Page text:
Of late, I have been struggling to articulate something that-perhaps-is going to be one of the great lessons of my life. I will admit, even writing that sentence down strikes me as pretentious. I can only imagine your reaction to it, as you open your browser, click to the blog or are finding this collection of my musings for the first time. Great life lessons, on the whole, tend to be identified in retrospect. Sometimes they begin with, "If I had only known then what I know now..." or some other bon mot. Well, right now, I am starting to realize that this lesson is based chiefly in that look back, but its impact is going to alter how life is lived out from this point forward for me.
For a long time, perhaps for ever, in my human existence, I have sought out the approval of others as a meter of my "success." If I am like, admired, respected, what-have-you; well, then I am doing all right. If I am making money (odd thing for a priest to say, but there it is) to the amount that I can for the most part "do what I like" then I am a success. If the church I am serving is growing (preferably in double digits), then I am a success. If the leadership I am expressing seems to inspire little conflict then I am a success. If there is harmony in my personal life, and things are pleasant indeed as well as with intent, then I am a success.
Success has a lot riding on it, but most of it is what I have been expecting the world to offer to me. Reread the above paragraph again. Most of the elements of success rise up out of the world responding to me, and yet I have done little if anything to expect a return on those expectations. Success is built, for me, not so much on what I am putting into the system, but instead on what I can draw out of it.
So, time to re-evaluate my position on success, as well as on my practice in work, life and relationship. First and foremost, it is time to embrace not just what I enjoy, what I am good at and what seems to garner people's praise in my offering of gifts to the Church and to my neighbor; it is time to look into what I am not good at-what I fail to do-and what I fall short of in terms of being the leader I would be.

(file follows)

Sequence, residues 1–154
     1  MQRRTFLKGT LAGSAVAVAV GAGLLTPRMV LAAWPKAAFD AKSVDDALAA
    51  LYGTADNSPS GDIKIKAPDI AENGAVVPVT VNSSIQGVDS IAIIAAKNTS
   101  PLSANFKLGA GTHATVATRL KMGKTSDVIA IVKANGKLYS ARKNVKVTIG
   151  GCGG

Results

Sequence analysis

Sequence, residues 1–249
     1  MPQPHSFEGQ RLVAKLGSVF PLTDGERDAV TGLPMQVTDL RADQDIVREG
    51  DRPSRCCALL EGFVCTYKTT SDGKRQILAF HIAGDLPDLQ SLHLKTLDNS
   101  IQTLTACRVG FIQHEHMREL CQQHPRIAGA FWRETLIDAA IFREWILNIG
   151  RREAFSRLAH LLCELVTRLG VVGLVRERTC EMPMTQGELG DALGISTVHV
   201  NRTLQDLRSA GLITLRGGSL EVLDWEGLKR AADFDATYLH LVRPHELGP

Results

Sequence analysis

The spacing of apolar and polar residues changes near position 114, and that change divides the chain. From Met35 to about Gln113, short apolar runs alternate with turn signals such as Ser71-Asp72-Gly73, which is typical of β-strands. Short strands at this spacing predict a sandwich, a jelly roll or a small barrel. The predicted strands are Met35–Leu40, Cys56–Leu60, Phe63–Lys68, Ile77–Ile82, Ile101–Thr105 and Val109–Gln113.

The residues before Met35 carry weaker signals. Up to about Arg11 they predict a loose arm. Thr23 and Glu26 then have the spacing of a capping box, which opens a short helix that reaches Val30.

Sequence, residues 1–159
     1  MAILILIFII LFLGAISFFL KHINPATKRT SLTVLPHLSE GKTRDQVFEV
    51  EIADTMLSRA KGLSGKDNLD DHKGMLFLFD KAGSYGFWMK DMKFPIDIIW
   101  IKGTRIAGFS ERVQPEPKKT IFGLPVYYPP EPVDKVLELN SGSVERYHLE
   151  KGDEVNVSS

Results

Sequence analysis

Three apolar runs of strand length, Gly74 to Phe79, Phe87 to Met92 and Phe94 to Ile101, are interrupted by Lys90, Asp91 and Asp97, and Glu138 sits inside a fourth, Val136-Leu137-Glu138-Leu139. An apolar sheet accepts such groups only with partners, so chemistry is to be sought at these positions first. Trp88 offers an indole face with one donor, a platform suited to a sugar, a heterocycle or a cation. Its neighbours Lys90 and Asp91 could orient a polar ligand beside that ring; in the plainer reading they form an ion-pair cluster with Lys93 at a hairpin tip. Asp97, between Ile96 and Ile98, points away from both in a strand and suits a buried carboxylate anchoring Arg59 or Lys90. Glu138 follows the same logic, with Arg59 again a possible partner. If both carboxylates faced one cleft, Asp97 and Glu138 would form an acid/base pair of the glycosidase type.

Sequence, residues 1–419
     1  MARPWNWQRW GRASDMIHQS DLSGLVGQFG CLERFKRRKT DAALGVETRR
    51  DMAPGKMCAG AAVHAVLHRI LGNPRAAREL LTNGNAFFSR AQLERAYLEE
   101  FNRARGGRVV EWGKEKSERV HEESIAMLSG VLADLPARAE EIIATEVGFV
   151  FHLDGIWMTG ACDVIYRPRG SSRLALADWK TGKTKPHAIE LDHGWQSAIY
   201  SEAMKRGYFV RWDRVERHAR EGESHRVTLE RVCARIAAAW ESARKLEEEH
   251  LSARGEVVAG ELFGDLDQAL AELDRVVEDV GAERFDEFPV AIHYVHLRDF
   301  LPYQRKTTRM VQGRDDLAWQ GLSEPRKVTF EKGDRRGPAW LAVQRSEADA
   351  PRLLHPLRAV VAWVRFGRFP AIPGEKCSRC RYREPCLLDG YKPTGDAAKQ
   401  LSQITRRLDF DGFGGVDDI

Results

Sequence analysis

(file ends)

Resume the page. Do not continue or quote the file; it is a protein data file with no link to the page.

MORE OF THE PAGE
This reflection is most certainly NOT self-flaggelation. It is NOT a seeking after sympathy. It is, as I said above, the beginning realization that one of life's great lessons is about to be learned. My prayer is that I can embrace and internalize it enough that I can put it into a consistent practice.
The lesson is simple: Look beyond the expectations of success or failure in life in order to embrace what the moment, the experience, can teach us. Look to how what we go through forms and shapes us in our walk with God and in our life's work. Success and failure are just the faces of a coin, and that coin is our daily wage as laborers in the vineyard of God's creation. To learn and grow in faith and wisdom. That is the chief aim. Failure and Success are just experiences that are there to teach. A simple concept, but one that it going to take me a while to learn....
I realize that I have gotten more-when I am honest with myself, my neighbor and with God-in learning from failures than I have when I have "succeeded." When a sermon tanks, when a pastoral relationship goes south, when a job goes belly-up...I learn to be a more accessible preacher, a more sensitive pastor and a more effective leader. That is, when I am willing to embrace defeat as a teaching moment. Same with success, to a lesser degree, because I find that when I succeed too often or too easily I tend to stop trying so hard.
In this morning's epistle reading, Peter the apostle writes, "For we did not follow cleverly devised myths when we made known to you the power and coming of our Lord Jesus Christ, but we have been eyewitnesses of his majesty." Peter walked from Galilee to Jerusalem with his rabbi. He saw the success and the failure of his Master...and from his greatest failing-his betrayal of the Christ (3 times!)-he experienced the greatest redemption, "Feed my sheep;" and, "....you are Peter, and on this rock I will build the Church."
When it comes to learning and growing, the biggest challenge I face is learning to embrace how I have failed. It is learning how to understand rejection. It is learning to look into the mirror and honestly embrace the imperfect soul that looks back, and at the same time find the resolve to rise up, learn, change paths and patterns or response and then get on with trying again to be faithful to God, to love my neighbor and to seek and serve Christ in all persons.
So, let us fail boldly, knowing that when we do, God is present and we are given now a chance to learn from the risk taken...and to receive with gratitude the forgiveness that is always there if we are but bold enought to ask for it.....